Page 6: Working in partnership
The Zones are working through forums of partnerships, which encourage people to work across traditional boundaries and develop new relationships. Leadership in economic development has to be shared among a number of organisations, each contributing where they can best add value, rather than duplicating effort.
A second area where the Agency concentrates its efforts is to develop 'business clusters'. Clusters are groups of businesses and related organisations linked through a common technology or an end product. They include suppliers and specialist educational institutions, involved with industry (or cluster) - related training and research. The 10 clusters that have been identified as being most relevant to the ongoing development of the West Midlands, and are split into:
- Established clusters: e.g. food and drink and transport technologies. The emphasis here is helping these clusters to diversify and modernise.
- Growing clusters: e.g. information and communication technology, environmental technologies. These are already showing signs of growth.
- Embryonic or aspirational clusters: e.g. Interactive media for education and entertainment, medical technologies. These are good prospects for growth.
Stimulating the growth of these clusters involves:
- identifying market opportunities through market research
- encouraging collaborative efforts within clusters e.g. skills development, sharing of research efforts, etc.
For example, the illustration below illustrates the Food and Drinks Cluster:
The Food and Drink Cluster employs about 60,000 people and includes:
- agricultural commodity supply e.g. potatoes and dairy products
- processing of these commodities e.g. into ready meals
- key confectionery industry with world famous names like Cadbury, wholesaling of foodstuffs, distribution
- production of agricultural machinery.
This cluster was chosen because it is one of the mamajor employers and is experiencing growth in employment. Consumer tastes are continually changing and food safety is a major concern. Working together as a cluster, firms can build on new opportunities such as the growth in demand for ethnic foods.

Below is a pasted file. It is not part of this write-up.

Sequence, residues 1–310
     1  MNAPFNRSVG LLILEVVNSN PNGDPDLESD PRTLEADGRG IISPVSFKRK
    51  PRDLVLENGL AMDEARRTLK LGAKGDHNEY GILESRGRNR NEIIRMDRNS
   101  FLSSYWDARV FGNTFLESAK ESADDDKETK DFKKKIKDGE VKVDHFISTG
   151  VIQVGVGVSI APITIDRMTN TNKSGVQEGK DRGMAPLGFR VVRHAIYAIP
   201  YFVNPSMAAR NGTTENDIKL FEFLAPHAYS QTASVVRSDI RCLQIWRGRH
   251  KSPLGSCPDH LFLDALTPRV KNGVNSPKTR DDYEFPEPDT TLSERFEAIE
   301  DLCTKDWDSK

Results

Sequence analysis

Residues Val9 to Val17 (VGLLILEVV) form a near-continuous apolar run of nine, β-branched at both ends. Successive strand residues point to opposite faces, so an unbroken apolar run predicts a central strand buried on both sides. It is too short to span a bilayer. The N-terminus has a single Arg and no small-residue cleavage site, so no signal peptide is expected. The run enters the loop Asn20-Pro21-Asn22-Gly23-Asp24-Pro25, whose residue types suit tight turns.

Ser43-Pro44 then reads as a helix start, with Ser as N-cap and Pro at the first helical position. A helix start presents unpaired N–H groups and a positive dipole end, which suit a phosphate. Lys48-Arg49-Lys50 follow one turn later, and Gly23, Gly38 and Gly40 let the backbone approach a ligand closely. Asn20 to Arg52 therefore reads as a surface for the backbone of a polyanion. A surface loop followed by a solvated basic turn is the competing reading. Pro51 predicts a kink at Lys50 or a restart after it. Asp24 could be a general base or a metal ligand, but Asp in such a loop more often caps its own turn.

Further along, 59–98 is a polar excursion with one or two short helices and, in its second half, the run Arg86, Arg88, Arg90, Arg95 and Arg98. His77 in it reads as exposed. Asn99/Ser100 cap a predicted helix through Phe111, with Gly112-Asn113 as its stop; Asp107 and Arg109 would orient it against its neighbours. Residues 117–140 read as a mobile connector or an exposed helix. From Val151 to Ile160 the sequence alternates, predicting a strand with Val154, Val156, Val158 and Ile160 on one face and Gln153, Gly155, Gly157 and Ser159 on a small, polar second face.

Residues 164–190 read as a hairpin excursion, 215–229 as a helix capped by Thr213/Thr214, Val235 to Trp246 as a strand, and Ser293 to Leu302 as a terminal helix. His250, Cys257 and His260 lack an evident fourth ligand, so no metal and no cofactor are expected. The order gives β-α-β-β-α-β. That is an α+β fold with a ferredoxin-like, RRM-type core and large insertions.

The Transport Technologies cluster is perhaps the most important in the West Midlands employing about 175,000 people. It includes commodity manufacture of metal and polymer components, metal processes/ treatments, electrical/electronic/mechanical sub systems and vehicles. There are high concentrations of activity including the Jaguar plant at Castle Bromwich.
This cluster is identifying opportunities for focusing on higher value added activities, based on new technologies and in luxury cars, motor sports and materials to improve products through design. There are many opportunities for technology transfer between different modes of transport and also in the use of new materials that lessen environmental impact.
- High technology corridors
Advantage West Midlands has identified three 'high technology' corridors, which provide opportunities to diversify the economic base of the region. These corridors are areas where the Agency is working with partners and concentrating effort so that more high technology companies locate and expand in the region.
The corridors have two common characteristics:
- The potential to attract and develop more high tech businesses by virtue of the presence of universities, research institutions or property opportunities.
- Location in areas heavily dependent on the automotive sector - many of Rover's suppliers are located in these parts of the region.
A strategy has been identified for each corridor along with a number of potential projects to help take forward cluster development and support high technology industry.